As a frequent critic of the Obama administration’s foreign policy, I found Jeffrey Goldberg’s excellent interview a useful reminder that, for all my misgivings about the Iraq War hawks that Barack Obama elevated, his persecution of whistleblowers, his decision to assassinate an American without due process, and his flagrantly illegal warmaking in Libya, there’s a strong case that he was a better choice than any of his rivals. Many Republicans were pushing him to be more hawkish, including John McCain and Mitt Romney, either of whom might well have started a war against Iran by now and wouldn’t have been better on the other issues I’ve listed.
At least Obama resisted one of the two conflicts that his hawkish advisers, Hillary Clinton and John Kerry, urged him to enter. “There’s a playbook in Washington that presidents are supposed to follow that comes out of the foreign-policy establishment,” Obama said. “The playbook prescribes responses to different events, and these responses tend to be militarized. Where America is directly threatened, the playbook works. But the playbook can also be a trap that can lead to bad decisions.”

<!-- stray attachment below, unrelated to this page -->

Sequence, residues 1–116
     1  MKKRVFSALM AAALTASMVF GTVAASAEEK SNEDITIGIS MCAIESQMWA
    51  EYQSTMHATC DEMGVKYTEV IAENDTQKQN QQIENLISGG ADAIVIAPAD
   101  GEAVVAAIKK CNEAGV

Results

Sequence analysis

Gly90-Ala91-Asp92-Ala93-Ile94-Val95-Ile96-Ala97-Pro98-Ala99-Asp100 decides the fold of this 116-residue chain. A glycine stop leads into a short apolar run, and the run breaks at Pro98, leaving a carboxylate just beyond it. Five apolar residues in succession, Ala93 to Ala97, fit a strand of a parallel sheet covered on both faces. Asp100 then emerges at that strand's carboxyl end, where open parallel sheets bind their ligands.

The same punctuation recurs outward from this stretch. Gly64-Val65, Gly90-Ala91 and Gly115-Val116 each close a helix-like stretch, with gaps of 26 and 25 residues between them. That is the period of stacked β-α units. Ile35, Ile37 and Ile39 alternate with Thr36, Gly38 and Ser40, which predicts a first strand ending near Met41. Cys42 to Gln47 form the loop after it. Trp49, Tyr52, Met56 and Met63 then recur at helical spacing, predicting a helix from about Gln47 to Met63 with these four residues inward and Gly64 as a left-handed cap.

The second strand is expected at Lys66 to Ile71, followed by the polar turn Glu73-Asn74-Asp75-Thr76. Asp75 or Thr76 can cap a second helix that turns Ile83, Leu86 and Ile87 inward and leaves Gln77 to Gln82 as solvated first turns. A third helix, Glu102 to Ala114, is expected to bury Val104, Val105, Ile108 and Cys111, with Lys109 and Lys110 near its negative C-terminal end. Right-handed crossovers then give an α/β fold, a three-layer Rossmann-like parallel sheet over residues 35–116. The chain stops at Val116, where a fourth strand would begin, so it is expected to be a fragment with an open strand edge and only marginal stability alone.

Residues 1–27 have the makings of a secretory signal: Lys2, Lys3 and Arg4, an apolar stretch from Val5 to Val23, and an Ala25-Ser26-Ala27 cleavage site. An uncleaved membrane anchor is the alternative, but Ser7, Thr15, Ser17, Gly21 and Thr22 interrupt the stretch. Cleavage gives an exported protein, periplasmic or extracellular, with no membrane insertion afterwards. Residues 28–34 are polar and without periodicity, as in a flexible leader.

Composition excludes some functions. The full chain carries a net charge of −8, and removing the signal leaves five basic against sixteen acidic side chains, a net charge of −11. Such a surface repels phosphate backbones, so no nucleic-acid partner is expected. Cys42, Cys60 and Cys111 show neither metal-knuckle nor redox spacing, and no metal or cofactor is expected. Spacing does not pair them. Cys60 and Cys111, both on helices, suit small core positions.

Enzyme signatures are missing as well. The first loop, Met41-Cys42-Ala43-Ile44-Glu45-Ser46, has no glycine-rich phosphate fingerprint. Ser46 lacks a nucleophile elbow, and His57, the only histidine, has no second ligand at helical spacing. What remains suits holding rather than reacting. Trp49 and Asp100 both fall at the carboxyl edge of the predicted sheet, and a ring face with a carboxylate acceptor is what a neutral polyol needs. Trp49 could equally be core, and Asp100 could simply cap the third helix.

I’ll be sad to see that attitude gone from the White House.
But even as I credit Obama for resisting the impulse to embroil the U.S. more fully in Syria, the Ukraine, and other hot spots where interventionists urged him to intervene, one of the claims put forth by a high-ranking source in the article needs rebutting.
Here’s the relevant passage:
Some critics argue he should have had a few second thoughts about what they see as the overuse of drones. But John Brennan, Obama’s CIA director, told me recently that he and the president “have similar views. One of them is that sometimes you have to take a life to save even more lives. We have a similar view of just-war theory. The president requires near-certainty of no collateral damage. But if he believes it is necessary to act, he doesn’t hesitate.”
The notion that the Obama Administration has carried out drone strikes only when there is “near-certainty of no collateral damage” is easily disproved propaganda. America hasn’t killed a handful of innocents or a few dozen in the last 8 years. Credible, independent attempts to determine how many civilians the Obama administration has killed arrived at numbers in the hundreds or low thousands. And there is good reason to believe that they undercount the civilians killed.